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I'm trying to do some absolute placement on a page but because I use pdflscape, I can't use the textpos package for this. I tried around a bit with moving with \hspace* and \vspace* but this is very tedious and produces overfull boxes galore. So I tried to change the page layout for just one page which basically works but the next page is broken in ways I cannot comprehend.

Here is what I did; I store the old dimensions, set everything to zero or whatever (pdf)LaTeX needs to make it zero and then restore the old dimensions from the saved values:

\documentclass{article}

\usepackage[english]{babel}
\usepackage{blindtext}

\newlength{\oldtextheight}
\newlength{\oldtextwidth}
\newlength{\oldevensidemargin}
\newlength{\oldoddsidemargin}
\newlength{\oldcolumnsep}
\newlength{\oldtopmargin}
\newlength{\oldheadheight}
\newlength{\oldheadsep}
\newlength{\oldfootskip}

\begin{document}

\blindtext[5]

\newpage%
% save old page dimensions
\setlength{\oldtextheight}{\textheight}%
\setlength{\oldtextwidth}{\textwidth}%
\setlength{\oldevensidemargin}{\evensidemargin}%
\setlength{\oldoddsidemargin}{\oddsidemargin}%
\setlength{\oldcolumnsep}{\columnsep}%
\setlength{\oldtopmargin}{\topmargin}%
\setlength{\oldheadheight}{\headheight}%
\setlength{\oldheadsep}{\headsep}%
\setlength{\oldfootskip}{\footskip}%
% set all margins to 0
\setlength{\textheight}{\paperheight}%
\setlength{\textwidth}{\paperwidth}%
\setlength{\evensidemargin}{-1in}%
\setlength{\oddsidemargin}{-1in}%
\setlength{\columnsep}{0pt}%
\setlength{\topmargin}{-1in}%
\setlength{\headheight}{0pt}%
\setlength{\headsep}{0pt}%
\setlength{\footskip}{0pt}%
% do absolute placement stuff where textpos doesn't work:
\noindent\rule{5mm}{5mm}\newpage% the necessity for this \newpage is also strange
% reset page dimensions
\setlength{\textheight}{\oldtextheight}%
\setlength{\textwidth}{\oldtextwidth}%
\setlength{\evensidemargin}{\oldevensidemargin}%
\setlength{\oddsidemargin}{\oldoddsidemargin}%
\setlength{\columnsep}{\oldcolumnsep}%
\setlength{\topmargin}{\oldtopmargin}%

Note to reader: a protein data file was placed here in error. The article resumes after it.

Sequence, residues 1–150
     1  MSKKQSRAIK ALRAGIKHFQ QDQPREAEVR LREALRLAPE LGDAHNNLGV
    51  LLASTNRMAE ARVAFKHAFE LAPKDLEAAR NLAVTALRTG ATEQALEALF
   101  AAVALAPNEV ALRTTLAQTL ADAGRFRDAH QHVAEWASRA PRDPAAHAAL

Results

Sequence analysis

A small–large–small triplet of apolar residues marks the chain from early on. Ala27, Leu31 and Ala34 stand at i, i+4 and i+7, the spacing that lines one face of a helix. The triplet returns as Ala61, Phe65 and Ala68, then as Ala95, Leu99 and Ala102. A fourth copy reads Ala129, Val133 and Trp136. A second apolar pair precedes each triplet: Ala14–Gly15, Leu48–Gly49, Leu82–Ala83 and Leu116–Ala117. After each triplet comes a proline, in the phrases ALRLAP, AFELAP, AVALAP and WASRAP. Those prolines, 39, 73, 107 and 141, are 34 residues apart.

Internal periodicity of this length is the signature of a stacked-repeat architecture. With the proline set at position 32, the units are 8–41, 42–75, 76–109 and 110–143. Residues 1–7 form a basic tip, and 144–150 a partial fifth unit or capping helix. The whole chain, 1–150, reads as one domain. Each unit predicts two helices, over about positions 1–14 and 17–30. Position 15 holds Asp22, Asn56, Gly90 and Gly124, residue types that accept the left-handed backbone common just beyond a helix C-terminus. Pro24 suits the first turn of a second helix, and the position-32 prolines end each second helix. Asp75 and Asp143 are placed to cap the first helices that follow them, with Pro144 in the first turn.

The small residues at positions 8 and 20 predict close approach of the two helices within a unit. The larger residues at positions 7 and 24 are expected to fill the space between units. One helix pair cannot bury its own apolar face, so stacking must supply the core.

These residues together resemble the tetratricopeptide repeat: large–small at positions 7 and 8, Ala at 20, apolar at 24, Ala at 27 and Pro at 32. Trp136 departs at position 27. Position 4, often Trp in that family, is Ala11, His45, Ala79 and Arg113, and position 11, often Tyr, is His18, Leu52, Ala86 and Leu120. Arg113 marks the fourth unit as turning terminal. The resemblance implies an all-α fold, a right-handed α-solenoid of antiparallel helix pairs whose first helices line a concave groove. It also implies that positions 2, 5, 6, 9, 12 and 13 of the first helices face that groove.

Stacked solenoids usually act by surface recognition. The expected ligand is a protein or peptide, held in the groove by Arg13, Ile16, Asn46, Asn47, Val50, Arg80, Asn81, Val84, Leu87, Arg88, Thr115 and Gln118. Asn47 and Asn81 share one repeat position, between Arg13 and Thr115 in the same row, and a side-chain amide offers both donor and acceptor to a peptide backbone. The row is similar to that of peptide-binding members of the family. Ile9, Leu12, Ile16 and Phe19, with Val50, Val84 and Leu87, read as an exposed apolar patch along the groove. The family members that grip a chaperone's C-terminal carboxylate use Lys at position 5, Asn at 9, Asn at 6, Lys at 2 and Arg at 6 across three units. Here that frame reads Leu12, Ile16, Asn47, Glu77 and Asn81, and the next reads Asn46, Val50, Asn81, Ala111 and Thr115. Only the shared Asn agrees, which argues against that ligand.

\setlength{\headheight}{\oldheadheight}%
\setlength{\headsep}{\oldheadsep}%
\setlength{\footskip}{\oldfootskip}%
%\newpage % this wouldn't help a bit

\blindtext[10]

\end{document}

While the margins seem more or less intact, the type area is larger than the actual page. As I reset \textheight along with everything else, this makes no sense to me. The following image shows page 3 from the above example (click to enlarge):

One page later, everything is back to normal. Any help on what is happening and how I can make a clean reset would be much appreciated.

Maybe I should add that I've read that newer versions of the geometry package have \newgeometry and \restoregeometry commands that appear to do just what I'm trying to do manually but the TeXLive distribution on my current Beta Ubuntu (Precise) isn't new enough and I'd rather not mess with my package manager (it always pays me back one day) or my TeX trees in general (it's dark art and never works like it should).

I did try the gmeometric package (\geometry{textheight=\paperheight,textwidth=\paperwidth} and \geometry{textheight=\oldtextheight,textwidth=\oldtextwidth}) but to no avail.

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1  
Why don't you install TeX LIve 2011? –  Marco Daniel Apr 19 '12 at 16:27
1  
the geometry package is definitely a good way to go here. are you using the texlive from the repositories? if so, you'll want to get rid of it in favour of texlive 2011 from the tug website –  cmhughes Apr 19 '12 at 16:28